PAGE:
The circus arrives without warning. No announcements precede it. It is simply there, when yesterday it was not. Within the black-and-white striped canvas tents is an utterly unique experience full of breathtaking amazements. It is called Le Cirque des Rêves, and it is only open at night. But behind the scenes, a fierce competition is underway—a duel between two young magicians, Celia and Marco, who have been trained since childhood expressly for this purpose by their mercurial instructors. Unbeknownst to them, this is a game in which only one can be left standing, and the circus is but the stage for a remarkable battle of imagination and will. Despite themselves, however, Celia and Marco tumble headfirst into love—a deep, magical love that makes the lights flicker and the room grow warm whenever they so much as brush hands. True love or not, the game must play out, and the fates of everyone involved, from the cast of extraordinary circus performers to the patrons, hang in the balance, suspended as precariously as the daring acrobats overhead. Written in rich, seductive prose, this spell-casting novel is a feast for the senses and the heart.

Miss Peregrine’s Home for Peculiar Children by Ransom Riggs

Synopsis (Goodreads.com):

A mysterious island. An abandoned orphanage. A strange collection of very curious photographs. It all waits to be discovered in Miss Peregrine’s Home for Peculiar Children, an unforgettable novel that mixes fiction and photography in a thrilling reading experience. As our story opens, a horrific family tragedy sets sixteen-year-old Jacob journeying to a remote island off the coast of Wales, where he discovers the crumbling ruins of Miss Peregrine’s Home for Peculiar Children. As Jacob explores its abandoned bedrooms and hallways, it becomes clear that the children were more than just peculiar. They may have been dangerous. They may have been quarantined on a deserted island for good reason. And somehow-impossible though it seems-they may still be alive. A spine-tingling fantasy illustrated with haunting vintage photography, Miss Peregrine’s Home for Peculiar Children will delight adults, teens, and anyone who relishes an adventure in the shadows.

If you are an avid book blog reader or book tube watcher, you must have heard about this book before! Not only is it Jesse The Readers favourite book of all time, but it is obviously a very popular book to read around Halloween time. I will definitely be picking this up next halloween (or even sooner) to read!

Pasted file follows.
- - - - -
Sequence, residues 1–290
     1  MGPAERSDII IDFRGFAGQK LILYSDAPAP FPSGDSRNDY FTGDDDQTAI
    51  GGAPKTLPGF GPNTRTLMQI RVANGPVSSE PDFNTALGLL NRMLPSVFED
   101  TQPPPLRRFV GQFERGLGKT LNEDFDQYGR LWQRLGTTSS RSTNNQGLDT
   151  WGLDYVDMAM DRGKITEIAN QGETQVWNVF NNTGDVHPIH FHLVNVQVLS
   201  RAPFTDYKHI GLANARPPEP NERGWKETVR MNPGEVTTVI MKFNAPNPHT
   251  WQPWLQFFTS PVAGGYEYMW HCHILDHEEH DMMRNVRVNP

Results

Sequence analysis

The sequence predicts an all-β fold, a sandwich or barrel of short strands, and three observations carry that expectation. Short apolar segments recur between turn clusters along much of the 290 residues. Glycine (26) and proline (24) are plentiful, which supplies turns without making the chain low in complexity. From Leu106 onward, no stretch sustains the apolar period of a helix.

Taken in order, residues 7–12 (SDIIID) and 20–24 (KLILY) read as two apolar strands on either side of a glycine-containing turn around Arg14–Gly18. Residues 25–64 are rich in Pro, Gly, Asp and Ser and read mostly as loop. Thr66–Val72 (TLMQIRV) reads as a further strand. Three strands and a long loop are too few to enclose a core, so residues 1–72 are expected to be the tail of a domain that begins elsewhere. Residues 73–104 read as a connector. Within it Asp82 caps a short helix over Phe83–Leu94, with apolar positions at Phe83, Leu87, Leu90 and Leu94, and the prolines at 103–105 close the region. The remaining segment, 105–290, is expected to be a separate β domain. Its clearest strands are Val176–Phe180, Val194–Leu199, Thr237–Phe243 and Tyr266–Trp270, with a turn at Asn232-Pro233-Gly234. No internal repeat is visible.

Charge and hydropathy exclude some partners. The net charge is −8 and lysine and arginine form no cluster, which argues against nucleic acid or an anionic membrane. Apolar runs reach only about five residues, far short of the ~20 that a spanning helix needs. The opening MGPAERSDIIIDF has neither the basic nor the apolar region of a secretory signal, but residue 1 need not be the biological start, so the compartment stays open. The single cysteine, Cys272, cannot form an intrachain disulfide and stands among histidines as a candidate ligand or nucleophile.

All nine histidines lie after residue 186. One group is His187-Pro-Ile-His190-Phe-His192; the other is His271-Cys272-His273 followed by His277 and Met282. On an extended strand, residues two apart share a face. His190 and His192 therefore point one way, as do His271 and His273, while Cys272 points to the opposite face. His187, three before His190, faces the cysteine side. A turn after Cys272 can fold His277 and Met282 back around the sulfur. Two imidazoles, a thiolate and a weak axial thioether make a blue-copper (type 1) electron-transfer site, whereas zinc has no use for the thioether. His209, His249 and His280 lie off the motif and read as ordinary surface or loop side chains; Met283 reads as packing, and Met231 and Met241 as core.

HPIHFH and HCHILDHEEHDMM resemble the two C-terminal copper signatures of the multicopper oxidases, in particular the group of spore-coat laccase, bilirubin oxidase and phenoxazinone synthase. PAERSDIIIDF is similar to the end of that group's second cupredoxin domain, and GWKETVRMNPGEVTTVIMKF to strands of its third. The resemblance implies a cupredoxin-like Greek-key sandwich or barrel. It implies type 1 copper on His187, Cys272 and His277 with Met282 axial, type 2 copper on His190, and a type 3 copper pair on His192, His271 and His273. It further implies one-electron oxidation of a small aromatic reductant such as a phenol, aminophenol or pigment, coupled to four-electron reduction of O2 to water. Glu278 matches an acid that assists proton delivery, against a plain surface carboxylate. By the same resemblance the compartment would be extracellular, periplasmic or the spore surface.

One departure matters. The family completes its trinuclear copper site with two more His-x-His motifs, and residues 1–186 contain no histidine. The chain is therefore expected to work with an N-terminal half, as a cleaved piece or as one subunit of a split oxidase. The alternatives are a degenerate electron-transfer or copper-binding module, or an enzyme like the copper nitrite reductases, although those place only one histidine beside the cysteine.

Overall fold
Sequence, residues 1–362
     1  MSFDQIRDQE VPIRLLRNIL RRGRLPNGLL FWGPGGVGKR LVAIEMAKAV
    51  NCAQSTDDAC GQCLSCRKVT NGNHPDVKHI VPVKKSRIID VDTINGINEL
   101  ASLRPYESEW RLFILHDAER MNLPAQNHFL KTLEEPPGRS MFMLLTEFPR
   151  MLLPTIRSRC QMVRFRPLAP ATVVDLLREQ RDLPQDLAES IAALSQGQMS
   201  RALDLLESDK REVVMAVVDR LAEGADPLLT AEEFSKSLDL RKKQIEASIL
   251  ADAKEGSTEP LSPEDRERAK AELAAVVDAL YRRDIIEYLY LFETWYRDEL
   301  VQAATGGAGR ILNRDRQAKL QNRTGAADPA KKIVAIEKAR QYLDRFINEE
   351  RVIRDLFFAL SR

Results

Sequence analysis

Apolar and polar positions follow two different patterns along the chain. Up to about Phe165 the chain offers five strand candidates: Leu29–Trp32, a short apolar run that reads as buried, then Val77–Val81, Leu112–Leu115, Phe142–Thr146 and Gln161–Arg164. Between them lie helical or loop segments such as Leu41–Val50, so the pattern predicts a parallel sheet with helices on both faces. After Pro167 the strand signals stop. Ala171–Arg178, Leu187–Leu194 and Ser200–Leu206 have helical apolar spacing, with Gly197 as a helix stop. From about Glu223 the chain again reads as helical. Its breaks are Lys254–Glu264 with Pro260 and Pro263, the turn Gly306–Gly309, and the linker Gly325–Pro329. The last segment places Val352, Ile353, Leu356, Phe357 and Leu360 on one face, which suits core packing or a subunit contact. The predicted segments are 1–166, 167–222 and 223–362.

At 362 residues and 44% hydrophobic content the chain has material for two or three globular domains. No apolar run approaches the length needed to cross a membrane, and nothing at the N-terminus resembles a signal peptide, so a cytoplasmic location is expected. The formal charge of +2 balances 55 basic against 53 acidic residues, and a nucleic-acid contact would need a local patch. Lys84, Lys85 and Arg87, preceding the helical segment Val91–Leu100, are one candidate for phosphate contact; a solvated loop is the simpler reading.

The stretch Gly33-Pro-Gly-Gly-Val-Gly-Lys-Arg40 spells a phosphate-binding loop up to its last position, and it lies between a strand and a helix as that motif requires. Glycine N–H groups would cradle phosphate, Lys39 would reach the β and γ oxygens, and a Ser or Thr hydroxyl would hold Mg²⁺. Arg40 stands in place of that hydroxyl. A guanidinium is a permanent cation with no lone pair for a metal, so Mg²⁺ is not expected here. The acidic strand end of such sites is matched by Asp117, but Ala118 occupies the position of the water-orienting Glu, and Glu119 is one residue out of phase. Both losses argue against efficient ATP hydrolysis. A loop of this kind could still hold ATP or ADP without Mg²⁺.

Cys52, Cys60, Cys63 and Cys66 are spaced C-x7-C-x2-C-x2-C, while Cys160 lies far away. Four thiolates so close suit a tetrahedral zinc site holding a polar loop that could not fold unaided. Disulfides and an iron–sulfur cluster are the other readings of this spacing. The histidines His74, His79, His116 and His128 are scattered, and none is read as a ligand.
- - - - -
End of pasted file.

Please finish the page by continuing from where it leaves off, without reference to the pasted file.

I hope you all enjoyed this blog post! Since I am just coming back to the book-blogosphere I have many ARCs I need to read and review, so I will not be able to read any spooky books this year. Hopefully next year, when I am all settled in, I will be able to read a few of these! Have you read any of the books I mentioned? Let me know what you thought about them in the comments!

Don’t forget to follow me on Instagram and Twitter for sneak peaks on upcoming blog posts and to find out what I am currently reading!

Good Night Book Owls!

Alyssa’s Reviews – Dare You to Lie by Amber Lynn Natusch (ARC)

Welcome back to Reading, Reading, Reading!

Normally, I am not a big YA Mystery type of reader, however this book may change that. “Dare You To Lie” by Amber Lynn Natusch is a new YA Thriller/Mystery novel that I requested and received from Raincoast Canada over two months ago. However, I just read this book last week and LOVED IT. By far one of the best YA thrillers I have EVER read. I featured “Dare You To Lie” in my October TBR, which you can read here!

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Synopsis (Goodreads.com):

When her FBI agent father is framed for murder, Kylene is forced to move in with her grandfather, back to the small town that turned its back on her, and the boy who betrayed her. All Ky cares about is clearing her father’s name, but someone won’t let her forget the photo scandal that drove her away two years ago. As the threats gain momentum, Ky finds an unlikely ally in the rookie FBI agent sent to keep an eye on her. Determined to expose the town’s hidden skeletons, Ky unwittingly thrusts herself into a much bigger plot. They thought she’d forgive and forget. They’re about to learn they messed with the wrong girl.

This book was INCREDIBLE.

I am not normally a huge fan of YA Thrillers/Mystery books, so requesting this one was definitely “out of my comfort zone”. However, reading this was a very rewarding experience, especially since I enjoyed it so much.